I really shouldn't blame that Bird fellow--Charlie Parker, right?--for my lack of knowledge about jazz. That's irresponsible. Instead, it's the intellectuals, the ones with pointy heads especially, that are at fault. Before WWII, jazz was much like early rock 'n' roll in the way it thrilled the young and shocked the old. Then in the 1950s the eggheads came along and claimed the music as their own and suddenly it was just like classical and you had to be educated in jazz in order to fully appreciate or even understand it. Bone up on your blues, class. There'll be a test tomorrow.
As is often said when art and ignorance clash, I do know what jazz I like, and I like "Take Five":
If you did play the video, you'll notice it's an instrumental. However, a few years later a version with lyrics written by Brubeck and sung by jazz singer Carmen MacRae came out. I like it even more:
I get the impression from people who know a lot more about jazz than me that it's music you're supposed to listen to very carefully, so as not to miss some intricately improvised chord progression that shifts the overall tone blah, blah, blah. But I bet for a lot of people, including those who consider themselves jazz enthusiasts, it occasionally and simply makes good background music. Especially if the piece is familiar. This clip is from Manhattan Murder Mystery (1993). Listen carefully, and see if you can't discern "Take Five" in-between Alan Alda's, Woody Allen's, Diane Keaton's dinnertime patter:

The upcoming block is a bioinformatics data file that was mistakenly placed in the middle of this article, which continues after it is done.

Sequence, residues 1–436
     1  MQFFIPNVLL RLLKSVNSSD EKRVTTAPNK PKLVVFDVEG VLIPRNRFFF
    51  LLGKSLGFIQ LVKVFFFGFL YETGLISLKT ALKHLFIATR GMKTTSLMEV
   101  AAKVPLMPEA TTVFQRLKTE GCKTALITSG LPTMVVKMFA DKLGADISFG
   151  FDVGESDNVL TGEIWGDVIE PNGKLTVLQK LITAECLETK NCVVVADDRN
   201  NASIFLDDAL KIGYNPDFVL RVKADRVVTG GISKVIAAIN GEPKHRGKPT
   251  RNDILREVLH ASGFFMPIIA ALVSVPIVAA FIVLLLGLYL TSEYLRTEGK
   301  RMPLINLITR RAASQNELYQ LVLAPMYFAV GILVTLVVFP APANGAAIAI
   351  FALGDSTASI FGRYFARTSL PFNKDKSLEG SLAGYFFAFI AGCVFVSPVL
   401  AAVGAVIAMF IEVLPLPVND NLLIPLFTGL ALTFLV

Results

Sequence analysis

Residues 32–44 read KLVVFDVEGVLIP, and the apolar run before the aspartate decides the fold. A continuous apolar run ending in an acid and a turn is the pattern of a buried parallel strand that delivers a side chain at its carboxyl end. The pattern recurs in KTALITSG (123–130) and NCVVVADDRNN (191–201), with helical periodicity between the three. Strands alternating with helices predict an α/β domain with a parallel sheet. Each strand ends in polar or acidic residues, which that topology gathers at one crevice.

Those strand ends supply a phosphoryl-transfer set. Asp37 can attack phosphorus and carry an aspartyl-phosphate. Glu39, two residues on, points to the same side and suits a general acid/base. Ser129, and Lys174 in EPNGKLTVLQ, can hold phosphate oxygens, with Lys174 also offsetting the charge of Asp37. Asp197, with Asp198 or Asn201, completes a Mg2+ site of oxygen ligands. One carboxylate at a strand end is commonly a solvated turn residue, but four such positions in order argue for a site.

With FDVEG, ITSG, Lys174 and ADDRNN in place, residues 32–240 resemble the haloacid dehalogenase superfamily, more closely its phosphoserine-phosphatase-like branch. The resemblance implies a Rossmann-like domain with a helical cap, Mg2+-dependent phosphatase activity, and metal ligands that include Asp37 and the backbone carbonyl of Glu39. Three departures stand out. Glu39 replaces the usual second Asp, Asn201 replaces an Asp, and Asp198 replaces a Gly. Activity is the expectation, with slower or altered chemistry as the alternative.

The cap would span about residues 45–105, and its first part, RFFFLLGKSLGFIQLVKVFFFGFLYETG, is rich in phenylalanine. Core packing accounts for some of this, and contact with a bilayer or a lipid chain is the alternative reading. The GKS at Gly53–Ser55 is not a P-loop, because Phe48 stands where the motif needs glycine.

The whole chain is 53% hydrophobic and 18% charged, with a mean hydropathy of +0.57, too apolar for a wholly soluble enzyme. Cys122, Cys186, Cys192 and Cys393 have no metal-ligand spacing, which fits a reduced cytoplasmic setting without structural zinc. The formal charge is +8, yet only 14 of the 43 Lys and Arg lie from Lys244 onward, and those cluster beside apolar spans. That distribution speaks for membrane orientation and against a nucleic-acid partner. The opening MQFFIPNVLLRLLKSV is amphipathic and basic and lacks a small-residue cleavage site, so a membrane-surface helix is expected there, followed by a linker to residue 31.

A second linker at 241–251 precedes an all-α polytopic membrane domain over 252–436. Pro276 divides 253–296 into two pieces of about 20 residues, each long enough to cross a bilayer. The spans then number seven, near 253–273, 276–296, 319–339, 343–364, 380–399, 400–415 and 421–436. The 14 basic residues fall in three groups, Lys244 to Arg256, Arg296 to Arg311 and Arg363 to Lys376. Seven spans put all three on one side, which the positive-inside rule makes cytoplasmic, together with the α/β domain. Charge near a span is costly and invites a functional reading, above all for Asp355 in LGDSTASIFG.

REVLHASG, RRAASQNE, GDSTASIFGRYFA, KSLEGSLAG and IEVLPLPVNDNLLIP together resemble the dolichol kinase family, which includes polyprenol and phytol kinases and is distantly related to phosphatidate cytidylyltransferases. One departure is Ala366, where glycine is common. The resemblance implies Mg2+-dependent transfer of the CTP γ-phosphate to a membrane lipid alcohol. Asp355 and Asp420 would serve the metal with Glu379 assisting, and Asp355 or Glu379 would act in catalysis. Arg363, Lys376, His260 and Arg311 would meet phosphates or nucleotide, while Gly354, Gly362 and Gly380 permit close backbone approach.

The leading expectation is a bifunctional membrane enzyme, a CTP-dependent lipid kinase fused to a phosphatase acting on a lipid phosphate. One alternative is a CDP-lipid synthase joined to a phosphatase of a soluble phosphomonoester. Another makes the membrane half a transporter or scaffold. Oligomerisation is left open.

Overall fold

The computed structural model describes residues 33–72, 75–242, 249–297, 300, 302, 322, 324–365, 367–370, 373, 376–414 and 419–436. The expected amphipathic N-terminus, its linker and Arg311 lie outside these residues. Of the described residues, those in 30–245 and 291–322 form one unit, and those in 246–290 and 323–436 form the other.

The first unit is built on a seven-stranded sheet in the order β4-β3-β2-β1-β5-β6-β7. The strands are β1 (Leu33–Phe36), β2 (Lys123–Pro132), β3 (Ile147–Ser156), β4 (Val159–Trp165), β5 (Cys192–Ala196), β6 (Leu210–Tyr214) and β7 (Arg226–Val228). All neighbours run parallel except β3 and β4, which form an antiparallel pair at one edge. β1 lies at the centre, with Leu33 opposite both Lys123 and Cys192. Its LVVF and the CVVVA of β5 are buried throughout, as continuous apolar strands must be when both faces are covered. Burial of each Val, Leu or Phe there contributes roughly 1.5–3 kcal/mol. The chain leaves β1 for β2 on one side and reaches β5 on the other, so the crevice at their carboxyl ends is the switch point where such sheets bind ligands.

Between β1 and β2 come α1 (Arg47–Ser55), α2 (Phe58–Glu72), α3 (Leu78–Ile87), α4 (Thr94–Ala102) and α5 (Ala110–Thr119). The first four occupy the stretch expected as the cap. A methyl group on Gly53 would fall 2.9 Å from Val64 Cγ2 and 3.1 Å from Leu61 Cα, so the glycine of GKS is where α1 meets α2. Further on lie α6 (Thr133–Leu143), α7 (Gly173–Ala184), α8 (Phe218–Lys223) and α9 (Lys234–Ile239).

Did you catch the chord progression? Or was Alda laughing too loud?
OK, enough already with "Take Five". Another famous Brubeck piece is "Unsquare Dance", which I also like. It features both hand-clapping and something done on the drums, and is a favorite of tap dancers everywhere, because they enjoy confusing the issue. Is it the clap, the tap, or the drum you're hearing? Watch these two perform and figure it out for yourself:
Finally, to borrow a phrase from the decidedly unjazzlike Steppenwolf, let's take a magic carpet ride. "Blue Rondo à la Turk":
OK, it turns out I'm familiar with all of these pieces. I just didn't know, until I started researching this, their names or that they were by Dave Brubeck or that they were even considered jazz. It's just music I've heard over and over again in movies, TV shows, half-time shows, and talent shows . Maybe even when I've been put on hold.
What a way to get an education.